Xanthium strumarium L. var. canadense
(Mill.) Torr. & A. Gray
The words or terms in red
(actually dark orange) in the text are defined in a
Xanthium strumarium is a native or
adventive plant; it is
native to both Eurasia and North America; it is hard to
distinguish between native and adventive races of this plant.
It is a common summer annual, about 2 to 4 feet tall. It is a
Xanthium strumarium belongs to the
In Greek, ξανθοσ (xanthos)
means yellow, yellowish, greenish, and some say the name Xanthium
was given from the ancient name of some plant, the fruit of which was used
to dye the hair yellow, i.e. blond.
In Latin, struma means scrofula so that
strumarium would mean of or pertaining to the
that leaves retractile and unsightly scars, and the
might then refer to the shape of the fruits.
As for the canadense it is for the
variety quite common in Canada.
Some of the vernacular names of
Xanthium strumarium var. canadense
(and of many other different species or varieties!) are :
Canada Cocklebur, Canada Cockleburr, Cocklebur, Common Cocklebur,
Common Clotbur, Heartleaf Cocklebur, Ogimauwushk,
Sea-burdock, Beach Clotbur, Tumor Cocklebur, Tumor-curing Cocklebur,
Rough Cocklebur and Rough Cockleburr.
Some of the French vernacular names are:
Lampourde, Lampourde de Chine, Glouteron,
Lampourde glouteron and Gratia.
Xanthium strumarium var. canadense has also been known as:
- Xanthium acerosum Greene
- Xanthium californicum Greene
- Xanthium californicum var. rotundifolium Widder
- Xanthium campestre Greene
- Xanthium canadense P. Mill.
- Xanthium cavanillesii Schouw
- Xanthium cenchroides Millsp. & Sherff
- Xanthium commune Britt.
- Xanthium echinatum Murr.
- Xanthium glanduliferum Greene
- Xanthium italicum Moretti
- Xanthium macounii Britt.
- Xanthium oligacanthum Piper
- Xanthium oviforme Wallr.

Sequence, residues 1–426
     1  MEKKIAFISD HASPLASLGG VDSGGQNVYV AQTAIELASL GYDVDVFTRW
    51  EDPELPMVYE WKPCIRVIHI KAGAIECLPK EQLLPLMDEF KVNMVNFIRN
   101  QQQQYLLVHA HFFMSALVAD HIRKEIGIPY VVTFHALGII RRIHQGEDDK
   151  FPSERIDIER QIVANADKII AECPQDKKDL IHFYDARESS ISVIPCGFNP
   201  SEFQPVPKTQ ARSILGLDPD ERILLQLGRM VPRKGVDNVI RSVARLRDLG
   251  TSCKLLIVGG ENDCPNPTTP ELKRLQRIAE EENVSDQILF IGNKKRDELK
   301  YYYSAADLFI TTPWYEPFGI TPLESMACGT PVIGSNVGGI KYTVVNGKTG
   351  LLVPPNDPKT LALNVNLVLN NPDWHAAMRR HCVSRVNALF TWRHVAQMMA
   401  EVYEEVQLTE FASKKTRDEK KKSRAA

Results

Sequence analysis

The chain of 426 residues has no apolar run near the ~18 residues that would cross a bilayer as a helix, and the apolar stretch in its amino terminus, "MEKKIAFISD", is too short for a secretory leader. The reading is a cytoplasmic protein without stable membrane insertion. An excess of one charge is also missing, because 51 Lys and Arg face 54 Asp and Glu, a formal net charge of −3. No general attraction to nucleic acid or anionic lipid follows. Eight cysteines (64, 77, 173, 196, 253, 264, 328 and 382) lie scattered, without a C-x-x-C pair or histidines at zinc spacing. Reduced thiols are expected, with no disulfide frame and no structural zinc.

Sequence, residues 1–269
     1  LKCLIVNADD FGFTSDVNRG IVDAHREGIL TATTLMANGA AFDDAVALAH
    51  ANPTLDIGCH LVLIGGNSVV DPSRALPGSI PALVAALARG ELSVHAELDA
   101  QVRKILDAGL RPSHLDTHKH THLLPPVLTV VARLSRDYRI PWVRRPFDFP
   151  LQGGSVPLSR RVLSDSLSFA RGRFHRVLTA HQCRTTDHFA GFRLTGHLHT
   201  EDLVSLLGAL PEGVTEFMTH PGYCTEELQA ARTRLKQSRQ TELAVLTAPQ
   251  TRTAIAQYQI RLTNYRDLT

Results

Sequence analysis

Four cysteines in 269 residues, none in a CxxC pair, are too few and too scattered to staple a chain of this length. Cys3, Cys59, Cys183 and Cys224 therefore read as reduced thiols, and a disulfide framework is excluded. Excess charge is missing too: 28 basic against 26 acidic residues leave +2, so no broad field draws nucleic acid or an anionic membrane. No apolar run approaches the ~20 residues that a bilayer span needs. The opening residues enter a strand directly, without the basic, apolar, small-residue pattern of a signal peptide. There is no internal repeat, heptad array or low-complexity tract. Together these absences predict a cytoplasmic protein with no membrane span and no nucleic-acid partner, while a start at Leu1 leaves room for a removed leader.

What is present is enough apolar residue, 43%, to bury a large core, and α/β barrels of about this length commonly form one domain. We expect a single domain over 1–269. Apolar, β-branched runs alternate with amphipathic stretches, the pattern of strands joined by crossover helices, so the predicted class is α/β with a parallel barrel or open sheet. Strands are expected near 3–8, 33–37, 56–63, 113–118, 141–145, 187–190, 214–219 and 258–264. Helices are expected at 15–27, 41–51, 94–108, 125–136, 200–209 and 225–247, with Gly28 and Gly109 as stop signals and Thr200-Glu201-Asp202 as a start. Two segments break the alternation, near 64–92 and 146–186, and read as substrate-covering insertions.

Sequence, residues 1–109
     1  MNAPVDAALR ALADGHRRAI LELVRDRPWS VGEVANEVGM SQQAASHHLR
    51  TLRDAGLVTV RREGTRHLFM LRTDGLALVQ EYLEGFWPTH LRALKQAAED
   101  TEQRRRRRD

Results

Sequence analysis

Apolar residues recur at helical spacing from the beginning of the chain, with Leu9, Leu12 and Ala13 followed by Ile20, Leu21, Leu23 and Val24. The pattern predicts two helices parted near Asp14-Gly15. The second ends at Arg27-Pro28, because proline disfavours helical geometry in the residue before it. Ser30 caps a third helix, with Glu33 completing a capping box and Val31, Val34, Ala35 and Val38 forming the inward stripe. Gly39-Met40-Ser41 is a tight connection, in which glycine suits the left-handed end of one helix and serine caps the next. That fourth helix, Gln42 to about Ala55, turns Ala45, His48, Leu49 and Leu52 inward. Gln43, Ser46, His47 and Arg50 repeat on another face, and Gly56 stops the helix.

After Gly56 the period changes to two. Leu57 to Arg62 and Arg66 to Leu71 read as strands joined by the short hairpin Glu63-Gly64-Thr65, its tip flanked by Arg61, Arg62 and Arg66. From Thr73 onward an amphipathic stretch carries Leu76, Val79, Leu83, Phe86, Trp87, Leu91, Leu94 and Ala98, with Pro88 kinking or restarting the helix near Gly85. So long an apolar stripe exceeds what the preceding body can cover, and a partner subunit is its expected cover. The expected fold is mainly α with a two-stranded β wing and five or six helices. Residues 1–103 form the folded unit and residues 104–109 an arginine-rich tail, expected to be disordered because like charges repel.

- Xanthium pensylvanicum Wallr.
- Xanthium saccharatum Wallr.
- Xanthium speciosum Kearney
- Xanthium strumarium ssp. italicum (Moretti) D. Löve
- Xanthium strumarium var. oviforme (Wallr.) M. E. Peck
- Xanthium strumarium var. pensylvanicum (Wallr.)
M. E. Peck
- Xanthium varians Greene
Xanthium strumarium is quite easy to identify by its female flowers
and its fruits that cannot be confused with those of any other plant.
Xanthium strumarium resembles somewhat Arctium minus,
but it has separate male and female flowers that are brownish white and green,
respectively, while the latter species has
perfect flowers with bright pink
The other variety of Xanthium strumarium, the variety glabratum,
bracts that are nearly
glabrous and they tend to be more
oval-shaped and less broad than the bracts of var. canadense.
Otherwise, they are very similar to each other.
The species Xanthium spinosum (Spiny Cocklebur) has
more narrow lanceolate leaves,
and there is a tripartite spine at the base of each leaf
(hence the epithet).
Furthermore, up to now, this species has not been found in Québec.
It is native from South America, but is an adventive in the US,
in New-Brunswick, Ontario and British Columbia.
The root system consists of a taproot
that is stout and rather woody.
- Measuring form 2 to 4 feet.
- Little branched, except for short side stems appearing
from the leaf axils.
- Round or slightly ribbed.
- Often speckled with purple and have short white hairs
scattered across the surface.
- The central stem terminating in a spike-like
raceme of flower heads
that is similar to the racemes of the leaf axils.
- Persisting into winter.
- Up to 8 inches long and 6 inches across.
- Cordate or
with bases that are well-rounded or indented
and tips that are broad and blunt.
or coarsely toothed.
- With an upper surface has a sandpapery texture.
- With a long petiole
that is often reddish or reddish green